Look, we know people have leaned—for understandable reasons, but still—a little hard on the old “this is the darkest timeline” gag of late. But we have to admit that this one feels pretty surreal to type: Just a day after abruptly canceling three of its most well-regarded single-camera sitcoms—including fan favorite cop comedy Brooklyn Nine-Nine—Fox has now made it official that it’s bringing Tim Allen’s Last Man Standing back to life.
This Last Man Lazarus act has been grinding its way through the rumor mill for a while now; in fact, Fox actually tried to bring the series, which is produced at its sister company 20th Century Fox TV, over for a seventh season last year, right after ABC cut the show from its schedule. The efforts fell through at the time, though, at least in part because the network was so focused on single-camera comedy that it didn’t have anything to effectively pair the conservative-leaning multi-cam with, a concern that, as of yesterday, is depressingly no longer a problem.
Allen—who’s long been a vocal (or at least pre-verbal) proponent for reviving the series (which was, admittedly, ABC’s second-most-watched comedy when it got the axe)—took time out of his busy grunting schedule to crow about the revival. “Team LMS was in the sixth inning, ahead by four runs, stands were packed and then for no reason, they call off the game,” he said in a statement, employing an elaborate baseball metaphor, in case you’d forgotten all the signifiers of his personal brand. “It leaves you sitting in the dugout, holding a bat and puzzled. Now we get the news from Fox that it’s time to get back out on that diamond—hell yes, I’m excited!” It’s a real home run touchdown free throw puck fight, for sure.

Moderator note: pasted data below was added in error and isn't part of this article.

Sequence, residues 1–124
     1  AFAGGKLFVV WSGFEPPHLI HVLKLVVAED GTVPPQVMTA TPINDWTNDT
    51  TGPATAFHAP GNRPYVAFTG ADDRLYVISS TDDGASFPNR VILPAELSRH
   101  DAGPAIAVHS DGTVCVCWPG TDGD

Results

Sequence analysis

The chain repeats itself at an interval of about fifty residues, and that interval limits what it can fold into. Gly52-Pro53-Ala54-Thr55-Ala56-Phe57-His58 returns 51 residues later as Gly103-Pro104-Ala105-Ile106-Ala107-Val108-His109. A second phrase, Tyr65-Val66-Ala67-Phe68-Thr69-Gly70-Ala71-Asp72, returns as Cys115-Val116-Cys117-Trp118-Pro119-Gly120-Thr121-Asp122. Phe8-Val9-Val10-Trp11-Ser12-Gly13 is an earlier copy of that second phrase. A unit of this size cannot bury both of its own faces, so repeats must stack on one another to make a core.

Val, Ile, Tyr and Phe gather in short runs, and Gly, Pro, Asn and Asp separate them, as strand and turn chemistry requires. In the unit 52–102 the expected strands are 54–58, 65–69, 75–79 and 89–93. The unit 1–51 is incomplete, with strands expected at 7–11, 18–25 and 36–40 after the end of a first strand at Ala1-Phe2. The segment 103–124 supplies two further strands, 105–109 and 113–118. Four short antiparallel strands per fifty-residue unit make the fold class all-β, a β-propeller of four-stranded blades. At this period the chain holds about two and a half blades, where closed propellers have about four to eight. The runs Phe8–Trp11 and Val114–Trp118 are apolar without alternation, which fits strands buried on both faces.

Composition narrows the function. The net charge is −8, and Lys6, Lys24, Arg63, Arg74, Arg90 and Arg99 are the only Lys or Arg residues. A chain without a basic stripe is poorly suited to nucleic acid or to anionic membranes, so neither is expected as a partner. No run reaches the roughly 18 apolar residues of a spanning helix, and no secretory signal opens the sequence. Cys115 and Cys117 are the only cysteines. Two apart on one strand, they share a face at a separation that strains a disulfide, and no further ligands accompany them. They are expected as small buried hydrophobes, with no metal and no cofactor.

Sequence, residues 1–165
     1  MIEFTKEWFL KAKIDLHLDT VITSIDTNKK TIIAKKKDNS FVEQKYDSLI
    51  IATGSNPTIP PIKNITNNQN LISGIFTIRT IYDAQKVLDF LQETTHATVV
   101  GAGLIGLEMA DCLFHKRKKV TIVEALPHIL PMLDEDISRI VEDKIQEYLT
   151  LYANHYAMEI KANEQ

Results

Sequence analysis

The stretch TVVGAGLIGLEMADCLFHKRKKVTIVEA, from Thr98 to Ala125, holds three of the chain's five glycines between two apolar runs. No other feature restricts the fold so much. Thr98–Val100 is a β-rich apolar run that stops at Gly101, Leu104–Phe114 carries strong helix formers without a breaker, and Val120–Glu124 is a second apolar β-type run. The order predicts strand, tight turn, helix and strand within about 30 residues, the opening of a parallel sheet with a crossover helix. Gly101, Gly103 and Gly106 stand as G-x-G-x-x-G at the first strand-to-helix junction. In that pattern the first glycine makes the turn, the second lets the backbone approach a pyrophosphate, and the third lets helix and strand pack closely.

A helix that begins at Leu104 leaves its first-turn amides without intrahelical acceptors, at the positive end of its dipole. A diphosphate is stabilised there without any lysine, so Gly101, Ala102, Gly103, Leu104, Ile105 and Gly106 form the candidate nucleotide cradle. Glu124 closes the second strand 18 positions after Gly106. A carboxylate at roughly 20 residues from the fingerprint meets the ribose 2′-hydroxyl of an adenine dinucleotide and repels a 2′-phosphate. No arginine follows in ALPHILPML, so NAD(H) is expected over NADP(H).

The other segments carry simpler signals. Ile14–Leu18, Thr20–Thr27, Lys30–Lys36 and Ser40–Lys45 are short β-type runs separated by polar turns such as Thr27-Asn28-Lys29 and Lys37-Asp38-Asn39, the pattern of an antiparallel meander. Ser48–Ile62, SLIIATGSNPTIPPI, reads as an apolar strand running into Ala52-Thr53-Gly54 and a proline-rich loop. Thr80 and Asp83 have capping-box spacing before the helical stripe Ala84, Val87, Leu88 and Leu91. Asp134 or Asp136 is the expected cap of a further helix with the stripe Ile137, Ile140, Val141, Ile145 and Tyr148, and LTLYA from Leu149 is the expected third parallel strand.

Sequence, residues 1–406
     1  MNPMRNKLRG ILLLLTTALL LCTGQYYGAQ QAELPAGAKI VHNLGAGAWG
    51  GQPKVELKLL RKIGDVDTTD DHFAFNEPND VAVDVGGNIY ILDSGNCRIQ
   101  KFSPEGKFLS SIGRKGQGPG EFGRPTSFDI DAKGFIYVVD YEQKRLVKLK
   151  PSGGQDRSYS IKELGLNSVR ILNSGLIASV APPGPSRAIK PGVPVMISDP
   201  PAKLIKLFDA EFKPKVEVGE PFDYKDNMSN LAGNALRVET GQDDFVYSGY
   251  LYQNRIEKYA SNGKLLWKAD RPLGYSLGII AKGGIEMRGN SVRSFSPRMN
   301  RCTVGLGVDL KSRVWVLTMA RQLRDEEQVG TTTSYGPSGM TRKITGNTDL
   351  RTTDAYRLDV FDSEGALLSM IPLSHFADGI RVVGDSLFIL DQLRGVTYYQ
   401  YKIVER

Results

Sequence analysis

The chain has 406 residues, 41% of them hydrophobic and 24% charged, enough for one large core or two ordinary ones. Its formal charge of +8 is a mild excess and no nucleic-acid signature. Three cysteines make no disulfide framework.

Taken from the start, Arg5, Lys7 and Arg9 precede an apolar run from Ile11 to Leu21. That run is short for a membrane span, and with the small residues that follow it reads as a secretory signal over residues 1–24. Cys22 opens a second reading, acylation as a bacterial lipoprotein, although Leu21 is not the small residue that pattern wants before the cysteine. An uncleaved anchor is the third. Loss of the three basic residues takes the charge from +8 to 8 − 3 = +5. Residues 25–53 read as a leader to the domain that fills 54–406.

Obviously, this is all secretly Roseanne Barr’s fault; the success of ABC’s Roseanne revival has been seen as a bellwether for a more general turn back to both more traditional multi-cam sitcoms, as well as a mobilization in the audience for right-leaning TV. But while that’s the biggest, flashiest sign for why LMS is getting this revival order, it’s worth keeping an eye on the trend of networks making sure that their longest-running (and, thus, most expensive) shows are being produced in-house; after all, that—as much as any political ideology—was one of the biggest reasons ABC killed the series in the first place. (The irony that a show that was canceled in part because Disney didn’t own it is about to have its parent studio bought by Disney isn’t lost on us, meanwhile.)
Anyway, Last Man Standing is coming back for a seventh season, Brooklyn Nine-Nine is still dead, and we’re out of words. Augh augh augh augh.